David desired the new king of the Ammonite’s loyalty. The counselors of the new king, however, looked upon David’s kind act as really nothing more than deception. They were convinced David was making plans to overthrow the new king. In order to thwart this they humiliated David’s ambassadors and gathered a large army. The large army did not help the Ammonites fend of defeat. The humiliation suffered by David’s messengers might appear to be perplexing to us. Why not purchase new clothing and shave off the remainder of the beard, and go home? “Although the men would easily be able to secure other garments once they were out of Ammon, they could not have simply shaved off the other half of their beards, because Israel considered it disgraceful to be clean shaven” (ArtScroll, p. 261).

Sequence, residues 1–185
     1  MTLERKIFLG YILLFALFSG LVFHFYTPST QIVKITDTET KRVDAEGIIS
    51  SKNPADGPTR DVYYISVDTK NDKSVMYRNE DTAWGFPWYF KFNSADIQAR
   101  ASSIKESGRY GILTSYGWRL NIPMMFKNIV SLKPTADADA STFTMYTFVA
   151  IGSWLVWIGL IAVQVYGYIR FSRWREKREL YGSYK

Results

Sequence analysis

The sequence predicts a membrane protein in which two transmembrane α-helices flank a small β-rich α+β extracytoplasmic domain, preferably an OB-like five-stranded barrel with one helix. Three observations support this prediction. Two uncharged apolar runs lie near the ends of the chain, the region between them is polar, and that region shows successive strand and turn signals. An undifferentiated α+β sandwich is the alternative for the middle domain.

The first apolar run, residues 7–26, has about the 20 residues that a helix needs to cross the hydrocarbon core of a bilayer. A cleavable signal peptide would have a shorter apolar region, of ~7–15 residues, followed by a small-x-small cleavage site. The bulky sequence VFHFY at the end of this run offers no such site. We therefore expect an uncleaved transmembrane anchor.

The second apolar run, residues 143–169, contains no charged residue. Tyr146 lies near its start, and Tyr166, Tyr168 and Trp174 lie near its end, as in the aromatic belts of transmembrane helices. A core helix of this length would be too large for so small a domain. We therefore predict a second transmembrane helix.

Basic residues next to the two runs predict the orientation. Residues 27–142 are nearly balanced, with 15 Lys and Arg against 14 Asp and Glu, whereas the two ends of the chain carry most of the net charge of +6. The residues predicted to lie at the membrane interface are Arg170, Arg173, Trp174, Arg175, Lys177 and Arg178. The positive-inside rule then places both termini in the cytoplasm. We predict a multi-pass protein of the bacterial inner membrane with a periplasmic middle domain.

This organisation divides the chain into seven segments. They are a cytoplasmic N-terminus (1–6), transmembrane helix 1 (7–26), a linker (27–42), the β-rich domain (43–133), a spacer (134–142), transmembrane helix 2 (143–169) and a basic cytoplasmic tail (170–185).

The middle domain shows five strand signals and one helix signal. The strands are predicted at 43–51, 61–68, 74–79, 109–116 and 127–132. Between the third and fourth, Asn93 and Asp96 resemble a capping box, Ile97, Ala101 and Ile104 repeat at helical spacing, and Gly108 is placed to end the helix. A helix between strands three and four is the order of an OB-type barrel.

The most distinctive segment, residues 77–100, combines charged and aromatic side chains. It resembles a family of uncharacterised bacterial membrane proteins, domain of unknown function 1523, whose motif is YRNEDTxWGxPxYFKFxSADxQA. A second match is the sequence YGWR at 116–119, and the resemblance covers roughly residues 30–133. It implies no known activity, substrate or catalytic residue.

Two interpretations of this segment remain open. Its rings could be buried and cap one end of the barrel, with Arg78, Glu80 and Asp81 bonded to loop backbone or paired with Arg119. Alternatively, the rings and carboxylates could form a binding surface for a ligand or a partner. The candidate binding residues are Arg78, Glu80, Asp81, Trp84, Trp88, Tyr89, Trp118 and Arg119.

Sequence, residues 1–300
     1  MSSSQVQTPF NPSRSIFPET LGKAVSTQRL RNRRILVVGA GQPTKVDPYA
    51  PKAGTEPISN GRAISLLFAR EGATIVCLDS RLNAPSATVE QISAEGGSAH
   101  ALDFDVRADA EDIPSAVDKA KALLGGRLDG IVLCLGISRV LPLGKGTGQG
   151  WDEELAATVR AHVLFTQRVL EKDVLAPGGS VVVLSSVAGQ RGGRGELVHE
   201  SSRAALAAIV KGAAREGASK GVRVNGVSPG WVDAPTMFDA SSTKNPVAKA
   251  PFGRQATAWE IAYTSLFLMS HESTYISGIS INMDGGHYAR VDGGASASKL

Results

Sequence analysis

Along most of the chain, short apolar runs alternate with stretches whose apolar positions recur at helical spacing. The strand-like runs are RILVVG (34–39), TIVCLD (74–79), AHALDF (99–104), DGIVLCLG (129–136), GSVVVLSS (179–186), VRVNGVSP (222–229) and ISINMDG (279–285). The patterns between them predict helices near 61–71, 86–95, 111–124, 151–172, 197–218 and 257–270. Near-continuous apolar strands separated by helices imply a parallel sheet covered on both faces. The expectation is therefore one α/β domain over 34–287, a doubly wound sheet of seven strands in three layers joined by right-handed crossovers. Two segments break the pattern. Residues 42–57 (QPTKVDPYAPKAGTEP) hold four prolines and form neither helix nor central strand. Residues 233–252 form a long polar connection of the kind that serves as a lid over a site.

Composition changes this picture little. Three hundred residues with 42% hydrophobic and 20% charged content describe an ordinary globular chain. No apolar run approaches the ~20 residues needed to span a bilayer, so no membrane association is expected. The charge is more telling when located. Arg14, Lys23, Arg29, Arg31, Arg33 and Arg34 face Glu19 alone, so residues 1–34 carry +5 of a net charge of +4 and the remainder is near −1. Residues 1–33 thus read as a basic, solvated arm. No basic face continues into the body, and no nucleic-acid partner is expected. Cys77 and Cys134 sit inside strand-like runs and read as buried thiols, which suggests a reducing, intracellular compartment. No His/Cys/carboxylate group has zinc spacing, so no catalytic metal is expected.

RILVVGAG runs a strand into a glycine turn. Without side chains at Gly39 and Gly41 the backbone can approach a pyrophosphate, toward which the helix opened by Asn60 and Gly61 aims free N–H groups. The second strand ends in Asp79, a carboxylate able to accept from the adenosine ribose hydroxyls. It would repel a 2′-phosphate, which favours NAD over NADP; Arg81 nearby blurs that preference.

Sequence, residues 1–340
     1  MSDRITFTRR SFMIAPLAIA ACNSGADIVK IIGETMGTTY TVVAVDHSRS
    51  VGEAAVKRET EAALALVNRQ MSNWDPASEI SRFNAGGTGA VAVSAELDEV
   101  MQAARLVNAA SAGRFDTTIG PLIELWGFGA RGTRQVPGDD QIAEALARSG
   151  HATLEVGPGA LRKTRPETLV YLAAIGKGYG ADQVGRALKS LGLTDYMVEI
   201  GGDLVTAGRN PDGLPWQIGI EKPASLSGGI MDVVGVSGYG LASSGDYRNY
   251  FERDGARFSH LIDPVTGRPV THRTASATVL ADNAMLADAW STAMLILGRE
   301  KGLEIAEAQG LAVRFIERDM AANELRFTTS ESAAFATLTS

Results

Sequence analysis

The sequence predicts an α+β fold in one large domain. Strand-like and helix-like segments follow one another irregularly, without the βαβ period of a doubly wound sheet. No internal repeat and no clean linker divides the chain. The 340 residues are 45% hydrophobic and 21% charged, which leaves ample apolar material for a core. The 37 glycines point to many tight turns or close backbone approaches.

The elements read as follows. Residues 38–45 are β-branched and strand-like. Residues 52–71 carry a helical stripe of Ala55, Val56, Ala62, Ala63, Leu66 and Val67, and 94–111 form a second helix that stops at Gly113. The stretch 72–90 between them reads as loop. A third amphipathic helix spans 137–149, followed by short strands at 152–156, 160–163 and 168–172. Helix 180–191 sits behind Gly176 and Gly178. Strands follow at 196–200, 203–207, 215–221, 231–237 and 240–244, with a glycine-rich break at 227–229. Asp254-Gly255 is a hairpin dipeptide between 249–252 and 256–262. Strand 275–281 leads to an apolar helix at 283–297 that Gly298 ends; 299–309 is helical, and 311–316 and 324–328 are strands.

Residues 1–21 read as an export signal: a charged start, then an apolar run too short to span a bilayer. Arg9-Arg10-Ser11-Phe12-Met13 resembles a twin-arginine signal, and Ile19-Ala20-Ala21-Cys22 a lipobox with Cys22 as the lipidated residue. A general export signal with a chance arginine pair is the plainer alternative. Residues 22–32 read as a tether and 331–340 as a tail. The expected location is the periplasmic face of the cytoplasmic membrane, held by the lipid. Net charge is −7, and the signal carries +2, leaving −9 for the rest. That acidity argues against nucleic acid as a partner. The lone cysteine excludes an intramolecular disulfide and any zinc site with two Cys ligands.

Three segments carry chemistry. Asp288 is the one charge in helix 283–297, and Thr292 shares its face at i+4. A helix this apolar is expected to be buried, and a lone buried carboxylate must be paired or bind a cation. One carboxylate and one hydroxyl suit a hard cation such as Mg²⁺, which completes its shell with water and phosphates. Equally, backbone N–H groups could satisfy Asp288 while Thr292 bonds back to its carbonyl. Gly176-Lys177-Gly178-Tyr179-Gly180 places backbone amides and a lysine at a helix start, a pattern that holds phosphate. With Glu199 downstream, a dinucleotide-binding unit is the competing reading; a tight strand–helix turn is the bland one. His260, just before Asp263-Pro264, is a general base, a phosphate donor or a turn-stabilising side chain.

Application: It is interesting to note that Jewish commentators have taken note that David’s good intentions in this chapter backfired because the Torah did not allow for the Israelites to seek the peace or prosperity of the Ammonites (Deuteronomy 23:1-8). If Ammon was familiar with the Torah injunction, the new king might have had cause to be concerned. Surely, however, they would know that humiliating the king’s ambassadors was not good for public relations! Knowing that they prepared for battle. David was victorious, but a lesson from the Midrash teaches: “One should never try to substitute his own judgment for that of God, by being ‘more righteous (i.e., compassionate)’ than the Torah” (p. 260).